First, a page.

This verse refers to Allah taking the covenant from the five prophets – Mohammed, Noah, Abraham, Moses, and Jesus the son of Mary (peace be upon them) regarding Bahaullah’s prophethood. Notice how similar the claim of the Bahais with regards to this particular verse is to the previous verse i.e. Surah Ale Imran: 81. Not surprisingly, they are equally mistaken with regards to this verse.

What is the basis of this interpretation:
This is another instance of the Bahais misinterpreting a verse to suit their own designs without any reference to the Quran and Sunnah. It is a lame attempt to show that Allah had extracted the covenant from the prophets with regards to Bahaullah, when the reality is far from this.

What the Muslims say:
This verse refers to Allah extracting the covenant of His Godhood from all the prophets with a specific mention of the five great prophets. In effect, this verse underscores the finality of Prophet Mohammed (pbuh) in light of his being the first among all prophets to testify to Allah’s Godhood.

Perhaps there is no bigger blunder the Bahais have made with respect to the misrepresentation of the Holy Quran than by advancing this particular verse as proof of Bahaullah’s prophethood. When Allah takes a covenant from these five prophets (among the other prophets) it is regarding His Own Godhood and not Bahaullah’s Prophethood.

Pick up any book on the Holy Quran and Sunnah and you will find that this verse is among the clearest evidences on the finality of the prophethood of Prophet Mohammed (pbuh). And unlike Surah Ahzaab: 40, where the Bahais have tried to wriggle out by making lame interpretations of the word ‘Khaatam‘, the interpretation of this verse has the word ‘Aakhar‘ with regards to the prophethood of Prophet Mohammed (pbuh) which means ‘last’, ‘final’, ‘concluding’.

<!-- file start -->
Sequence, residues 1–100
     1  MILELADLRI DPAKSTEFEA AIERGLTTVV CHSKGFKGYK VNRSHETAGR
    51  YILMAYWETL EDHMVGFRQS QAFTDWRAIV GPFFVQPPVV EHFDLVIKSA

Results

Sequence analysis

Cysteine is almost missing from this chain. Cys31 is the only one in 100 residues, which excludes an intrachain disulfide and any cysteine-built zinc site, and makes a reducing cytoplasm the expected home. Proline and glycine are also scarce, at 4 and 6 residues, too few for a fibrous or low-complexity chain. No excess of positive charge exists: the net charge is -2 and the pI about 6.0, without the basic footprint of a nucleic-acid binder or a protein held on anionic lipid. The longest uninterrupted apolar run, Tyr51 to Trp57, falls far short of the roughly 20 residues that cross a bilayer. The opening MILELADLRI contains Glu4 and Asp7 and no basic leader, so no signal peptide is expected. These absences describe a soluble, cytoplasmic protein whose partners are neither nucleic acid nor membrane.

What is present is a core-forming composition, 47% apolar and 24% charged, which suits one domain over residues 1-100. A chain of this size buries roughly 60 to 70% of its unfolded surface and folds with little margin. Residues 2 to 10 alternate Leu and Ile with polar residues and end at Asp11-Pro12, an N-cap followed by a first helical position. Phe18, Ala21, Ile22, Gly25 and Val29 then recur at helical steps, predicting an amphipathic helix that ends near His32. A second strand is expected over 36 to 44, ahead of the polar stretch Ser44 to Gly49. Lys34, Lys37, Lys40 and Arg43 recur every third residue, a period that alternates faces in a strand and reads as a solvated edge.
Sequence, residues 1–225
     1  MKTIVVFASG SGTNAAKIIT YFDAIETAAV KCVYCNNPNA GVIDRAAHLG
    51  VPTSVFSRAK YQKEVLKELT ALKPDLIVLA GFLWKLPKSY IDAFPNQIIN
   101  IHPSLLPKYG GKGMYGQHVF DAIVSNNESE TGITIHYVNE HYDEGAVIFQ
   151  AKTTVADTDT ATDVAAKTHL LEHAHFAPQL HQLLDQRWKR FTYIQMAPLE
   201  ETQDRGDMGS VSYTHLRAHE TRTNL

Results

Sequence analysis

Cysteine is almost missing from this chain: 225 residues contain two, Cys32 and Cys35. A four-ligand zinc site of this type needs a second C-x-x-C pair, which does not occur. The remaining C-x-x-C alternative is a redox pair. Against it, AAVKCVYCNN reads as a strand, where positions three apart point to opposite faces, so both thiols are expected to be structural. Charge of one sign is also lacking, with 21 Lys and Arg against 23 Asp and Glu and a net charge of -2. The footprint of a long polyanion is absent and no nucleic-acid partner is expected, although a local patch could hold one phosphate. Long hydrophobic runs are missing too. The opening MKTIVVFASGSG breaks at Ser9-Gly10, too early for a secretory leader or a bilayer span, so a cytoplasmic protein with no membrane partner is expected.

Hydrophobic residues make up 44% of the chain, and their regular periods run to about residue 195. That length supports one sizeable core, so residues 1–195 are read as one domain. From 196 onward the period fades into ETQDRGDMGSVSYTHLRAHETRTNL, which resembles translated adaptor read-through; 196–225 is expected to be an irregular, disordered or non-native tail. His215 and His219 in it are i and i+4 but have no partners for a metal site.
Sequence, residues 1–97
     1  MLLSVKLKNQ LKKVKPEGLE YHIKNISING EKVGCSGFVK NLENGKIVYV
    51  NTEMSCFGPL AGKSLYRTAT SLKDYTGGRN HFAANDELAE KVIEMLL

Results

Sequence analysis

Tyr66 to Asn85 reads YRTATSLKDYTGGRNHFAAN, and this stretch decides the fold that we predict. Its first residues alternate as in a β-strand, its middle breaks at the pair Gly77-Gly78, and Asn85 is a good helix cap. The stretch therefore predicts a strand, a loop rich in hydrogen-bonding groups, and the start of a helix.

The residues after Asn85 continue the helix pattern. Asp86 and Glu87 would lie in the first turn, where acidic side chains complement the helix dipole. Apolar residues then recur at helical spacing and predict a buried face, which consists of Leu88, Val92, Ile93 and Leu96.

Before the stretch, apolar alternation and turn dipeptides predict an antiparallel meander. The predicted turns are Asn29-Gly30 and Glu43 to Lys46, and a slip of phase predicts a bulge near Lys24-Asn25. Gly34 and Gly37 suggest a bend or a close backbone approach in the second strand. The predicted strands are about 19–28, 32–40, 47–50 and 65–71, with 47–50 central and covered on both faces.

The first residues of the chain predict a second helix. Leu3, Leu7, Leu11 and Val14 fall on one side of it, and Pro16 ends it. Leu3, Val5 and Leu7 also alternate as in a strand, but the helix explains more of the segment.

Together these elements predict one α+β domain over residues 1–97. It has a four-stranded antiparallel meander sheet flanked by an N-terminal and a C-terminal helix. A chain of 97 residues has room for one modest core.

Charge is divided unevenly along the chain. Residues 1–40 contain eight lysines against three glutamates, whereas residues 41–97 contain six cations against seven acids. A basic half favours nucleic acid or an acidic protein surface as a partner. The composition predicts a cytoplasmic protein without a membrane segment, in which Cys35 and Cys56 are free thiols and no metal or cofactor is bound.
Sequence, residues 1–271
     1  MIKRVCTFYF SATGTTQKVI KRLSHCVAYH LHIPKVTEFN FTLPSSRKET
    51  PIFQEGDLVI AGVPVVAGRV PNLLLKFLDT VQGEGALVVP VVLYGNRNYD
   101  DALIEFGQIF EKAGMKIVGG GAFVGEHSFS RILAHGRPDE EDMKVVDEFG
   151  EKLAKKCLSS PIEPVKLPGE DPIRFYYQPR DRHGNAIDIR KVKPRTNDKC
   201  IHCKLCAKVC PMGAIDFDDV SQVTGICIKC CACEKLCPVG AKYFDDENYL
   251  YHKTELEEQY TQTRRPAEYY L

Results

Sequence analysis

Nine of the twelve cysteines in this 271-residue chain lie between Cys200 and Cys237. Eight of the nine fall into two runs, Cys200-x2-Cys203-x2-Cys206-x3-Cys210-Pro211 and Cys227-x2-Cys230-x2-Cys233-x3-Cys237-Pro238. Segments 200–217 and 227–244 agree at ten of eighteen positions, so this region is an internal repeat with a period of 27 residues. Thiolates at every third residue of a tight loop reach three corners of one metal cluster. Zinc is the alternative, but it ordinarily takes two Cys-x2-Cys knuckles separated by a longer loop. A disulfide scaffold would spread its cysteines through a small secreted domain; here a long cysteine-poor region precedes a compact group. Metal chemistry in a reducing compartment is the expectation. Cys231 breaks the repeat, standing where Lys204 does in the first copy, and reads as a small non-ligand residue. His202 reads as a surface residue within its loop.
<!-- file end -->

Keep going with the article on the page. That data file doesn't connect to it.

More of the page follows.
A. Interpretation of this verse from Ahle Sunnah sources
In Al Durrul Mansoor there are tens of traditions on this verse underlining the finality of Prophet Mohammed’s (pbuh) prophethood. As a matter of fact, these traditions highlight two important facts:
1. Prophet Mohammed (pbuh) was created before all the prophets.
2. Prophet Mohammed (pbuh) was sent by Allah after all the prophets.

I have mentioned traditions from Al Durrul Mansoor to illustrate both the above points.

Ibne Jarir narrates from Qutada regarding the verse: We took from the prophets their covenant: As (We did) from thee: from Noah…(Surah Ahzaab: 7) that Prophet Mohammed (pbuh) told us – I am the first prophet to be created and the last one from them (aakhirahom fil ba’as) to be raised. 
(Ref: Al Durrul Mansoor volume 5, page 184)

Hasan b. Hareerah narrates from Prophet Mohammed (pbuh) regarding: We took from the prophets their covenant…(Surah Ahzaab: 7) – I was the first prophet in creation and the last one from them (aakhirahom fil ba’as) to be raised…’ 
(Ref: Al Durrul Mansoor volume 5, page 184)

Ibne Abi Shaibah narrates from Qutada – when the Prophet (pbuh) recited this verse: We took from the prophets their covenant: As (We did) from thee: from Noah…(Chapter of Ahzaab, verse 7) he said – All goodness was initiated with me and I am the last prophet to be raised (aakhirahom fil ba’as).’